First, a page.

We see, therefore, that there is not a universal solution, but great benefit when methods of better practice are designed for local conditions. And in each case examined here, cattle grazing can benefit the environment.

While this result may be surprising to some and contrary to the precepts of radical environmental groups, it is just common sense that cattle growers have an economic interest in keeping the range healthy and productive.

See also:

Buenos Aires National Game Refuge This post gives a history of ranching in the Altar Valley.

Ranching and agriculture in Arizona, The Arizona Experience

Biofuels program destroying grasslands in American Midwest

Biofuels destroying grasslandA new study by researchers at South Dakota State University, published in the Proceedings of the National Academies of Science (see full paper here), shows that more than 1.3 million acres of grasslands in the western corn belt (WCB) of North Dakota, South Dakota, Minnesota, Iowa, and Nebraska, have been converted to agricultural use since 2006 to grow corn and soybeans for biofuel production.

The researchers introduce their paper by writing:

“In the US Corn Belt, a recent doubling in commodity prices has created incentives for landowners to convert grassland to corn and soybean cropping. Here, we use land cover data from the National Agricultural Statistics Service Cropland Data Layer to assess grassland conversion from 2006 to 2011 in the Western Corn Belt (WCB)…”

They go on to write:

“Our analysis identifies areas with elevated rates of grass-to-corn/soy conversion (1.0–5.4% annually). Across the WCB, we found a net decline in grass-dominated land cover totaling nearly 530,000 ha.[hectares]. With respect to agronomic attributes of lands undergoing grassland conversion, corn/soy production is expanding onto marginal lands characterized by high erosion risk and vulnerability to drought. Grassland conversion is also concentrated in close proximity to wetlands, posing a threat to waterfowl breeding in the Prairie Pothole Region. Longer-term land cover trends from North Dakota and Iowa indicate that recent grassland conversion represents a persistent shift in land use rather than short-term variability in crop rotation patterns.”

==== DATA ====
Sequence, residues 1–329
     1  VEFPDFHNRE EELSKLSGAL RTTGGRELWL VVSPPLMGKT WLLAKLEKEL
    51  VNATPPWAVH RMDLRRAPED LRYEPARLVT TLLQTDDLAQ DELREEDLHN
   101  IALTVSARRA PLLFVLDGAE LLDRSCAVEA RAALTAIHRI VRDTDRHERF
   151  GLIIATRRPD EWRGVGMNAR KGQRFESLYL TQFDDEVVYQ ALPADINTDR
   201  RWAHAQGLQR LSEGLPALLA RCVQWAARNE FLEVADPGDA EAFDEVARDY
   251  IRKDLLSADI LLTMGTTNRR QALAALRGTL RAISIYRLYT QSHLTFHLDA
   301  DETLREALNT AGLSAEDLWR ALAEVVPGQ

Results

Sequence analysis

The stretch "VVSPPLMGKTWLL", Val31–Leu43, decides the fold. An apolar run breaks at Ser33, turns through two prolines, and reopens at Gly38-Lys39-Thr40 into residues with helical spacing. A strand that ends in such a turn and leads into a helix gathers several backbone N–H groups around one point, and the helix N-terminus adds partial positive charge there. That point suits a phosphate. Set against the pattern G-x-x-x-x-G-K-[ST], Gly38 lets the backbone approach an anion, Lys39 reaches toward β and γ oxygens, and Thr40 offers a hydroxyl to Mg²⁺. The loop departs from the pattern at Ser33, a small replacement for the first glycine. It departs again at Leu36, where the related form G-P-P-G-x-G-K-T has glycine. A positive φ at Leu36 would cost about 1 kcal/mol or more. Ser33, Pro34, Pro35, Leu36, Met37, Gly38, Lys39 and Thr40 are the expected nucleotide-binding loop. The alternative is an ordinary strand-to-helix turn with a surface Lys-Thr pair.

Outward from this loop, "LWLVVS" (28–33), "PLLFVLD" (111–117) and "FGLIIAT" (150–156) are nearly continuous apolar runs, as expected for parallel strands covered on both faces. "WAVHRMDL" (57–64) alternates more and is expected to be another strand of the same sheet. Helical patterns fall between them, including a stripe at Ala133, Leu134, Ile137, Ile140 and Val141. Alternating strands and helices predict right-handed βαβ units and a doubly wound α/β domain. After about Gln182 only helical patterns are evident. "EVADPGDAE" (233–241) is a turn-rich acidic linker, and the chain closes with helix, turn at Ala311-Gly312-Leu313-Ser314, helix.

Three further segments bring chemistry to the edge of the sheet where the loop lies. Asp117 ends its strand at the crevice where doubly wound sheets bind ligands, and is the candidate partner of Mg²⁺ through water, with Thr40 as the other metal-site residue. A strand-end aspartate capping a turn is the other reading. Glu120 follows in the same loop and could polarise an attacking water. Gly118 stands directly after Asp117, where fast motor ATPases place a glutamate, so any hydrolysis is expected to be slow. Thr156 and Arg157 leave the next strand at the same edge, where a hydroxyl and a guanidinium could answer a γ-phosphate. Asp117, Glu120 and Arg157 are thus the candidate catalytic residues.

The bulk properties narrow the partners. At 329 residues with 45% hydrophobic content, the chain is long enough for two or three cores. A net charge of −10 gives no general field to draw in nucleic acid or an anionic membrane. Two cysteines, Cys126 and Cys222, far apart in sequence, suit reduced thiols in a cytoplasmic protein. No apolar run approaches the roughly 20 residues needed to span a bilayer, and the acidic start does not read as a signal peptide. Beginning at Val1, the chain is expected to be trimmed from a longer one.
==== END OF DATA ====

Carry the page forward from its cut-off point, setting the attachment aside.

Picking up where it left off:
“The concentration of grassland conversion on lands vulnerable to erosion implies negative impacts on soil quality and a subsequent cascade of negative impacts on, e.g., crop yields, primary productivity, and carbon sequestration. Tillage of adjacent uplands increases sediment inputs to wetlands by several orders of magnitude, limiting the productivity of duck food sources, including aquatic plants and invertebrates, and reducing food water storage.”

In the conclusion, the researchers note:

“Our results show that rates of grassland conversion to corn/soy (1.0–5.4% annually) across a significant portion of the US Western Corn Belt are comparable to deforestation rates in Brazil, Malaysia, and Indonesia, countries in which tropical forests were the principal sources of new agricultural land, globally, during the 1980s and 1990s. Historically, comparable grassland conversion rates have not been seen in the Corn Belt since the 1920s and 1930s, the era of rapid mechanization of US agriculture. Across the WCB, more than 99% of presettlement tallgrass prairie has been converted to other land covers, mostly agricultural, with losses in Iowa approaching 99.9% of an original 12-million ha. of tallgrass prairie. Potential expansion of corn and soybean cultivation into remaining fragments of tallgrass prairie in the WCB presents a critical ecosystem conservation issue.”

This is another example of so-called “green energy” being not so green. As the authors note, ” A number of studies have now shown that a biofuel strategy based on corn ethanol and soy biodiesel may indeed be suboptimal in terms of net energy and carbon balances.”

See also:

Ethanol fuel not as green as you think

Ethanol from Sugarcane, not so green

Death Toll from Biofuels